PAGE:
Good simple, bad simple

From the “Advertising Concept Book” by Pete Barry.

“Students will often create an ad that is unquestionably simple – but that’s all it is. Simple is not enough. Writing a headline like “Starts every time” (next to a visual of a car in freezing weather) communicates a benefit in a straight-forward way, but it’s boring! I call this bad-simple. As David Ogilvy once said, “You cannot bore people into buying your product.” Ads must have something else that makes them clever, unexpected and relevant to the product and its target audience. Writing a line like “Have you ever wondered how the man who drives a snow plough drives to the snow plough?” is simple yet profound (unlike the first line). So always aim for “good simple” rather than “bad simple”. John Hegarty put it best: “Dramatise the simple.”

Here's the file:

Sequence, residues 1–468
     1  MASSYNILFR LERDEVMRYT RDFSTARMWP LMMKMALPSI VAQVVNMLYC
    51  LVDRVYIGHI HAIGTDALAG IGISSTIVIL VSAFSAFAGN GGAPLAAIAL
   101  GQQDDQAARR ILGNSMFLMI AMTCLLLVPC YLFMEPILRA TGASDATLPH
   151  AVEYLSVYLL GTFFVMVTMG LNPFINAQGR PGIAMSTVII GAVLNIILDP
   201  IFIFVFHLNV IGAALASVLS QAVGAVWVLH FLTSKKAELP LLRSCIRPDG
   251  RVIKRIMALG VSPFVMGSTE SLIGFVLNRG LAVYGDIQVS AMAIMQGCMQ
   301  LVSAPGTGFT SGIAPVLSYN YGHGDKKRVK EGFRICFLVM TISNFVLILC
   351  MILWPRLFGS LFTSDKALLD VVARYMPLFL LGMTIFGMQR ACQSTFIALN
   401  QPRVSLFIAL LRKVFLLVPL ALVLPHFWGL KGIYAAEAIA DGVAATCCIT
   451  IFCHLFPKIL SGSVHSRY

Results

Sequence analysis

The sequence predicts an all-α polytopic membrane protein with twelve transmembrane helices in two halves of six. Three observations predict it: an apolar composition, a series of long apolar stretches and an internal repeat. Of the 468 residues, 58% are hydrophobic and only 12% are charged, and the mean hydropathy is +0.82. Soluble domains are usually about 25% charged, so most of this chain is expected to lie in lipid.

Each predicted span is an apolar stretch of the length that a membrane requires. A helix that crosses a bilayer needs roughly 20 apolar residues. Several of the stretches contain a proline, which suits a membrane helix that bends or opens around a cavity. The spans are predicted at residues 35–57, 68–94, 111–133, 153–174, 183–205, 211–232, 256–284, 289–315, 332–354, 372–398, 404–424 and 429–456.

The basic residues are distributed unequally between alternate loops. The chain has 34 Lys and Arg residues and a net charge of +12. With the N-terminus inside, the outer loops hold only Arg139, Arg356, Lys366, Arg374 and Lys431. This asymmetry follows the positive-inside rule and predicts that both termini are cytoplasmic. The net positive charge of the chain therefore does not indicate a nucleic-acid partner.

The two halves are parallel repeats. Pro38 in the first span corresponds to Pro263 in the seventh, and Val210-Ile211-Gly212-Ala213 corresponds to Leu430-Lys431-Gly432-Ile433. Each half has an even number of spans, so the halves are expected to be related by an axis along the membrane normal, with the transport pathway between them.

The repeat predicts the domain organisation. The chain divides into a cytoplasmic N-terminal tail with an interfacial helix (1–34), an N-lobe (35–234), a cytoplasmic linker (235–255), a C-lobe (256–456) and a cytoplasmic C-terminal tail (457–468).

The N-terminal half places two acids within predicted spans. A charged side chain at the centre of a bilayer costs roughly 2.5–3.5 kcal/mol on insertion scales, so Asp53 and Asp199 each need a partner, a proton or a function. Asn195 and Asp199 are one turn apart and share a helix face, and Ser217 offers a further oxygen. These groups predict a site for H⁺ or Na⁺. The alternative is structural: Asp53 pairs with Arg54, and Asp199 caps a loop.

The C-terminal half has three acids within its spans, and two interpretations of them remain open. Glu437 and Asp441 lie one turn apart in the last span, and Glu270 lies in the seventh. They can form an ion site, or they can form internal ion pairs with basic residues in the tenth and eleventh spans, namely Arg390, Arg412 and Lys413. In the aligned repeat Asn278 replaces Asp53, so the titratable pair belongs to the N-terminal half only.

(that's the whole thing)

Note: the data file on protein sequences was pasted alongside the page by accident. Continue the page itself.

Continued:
I always loved that last line.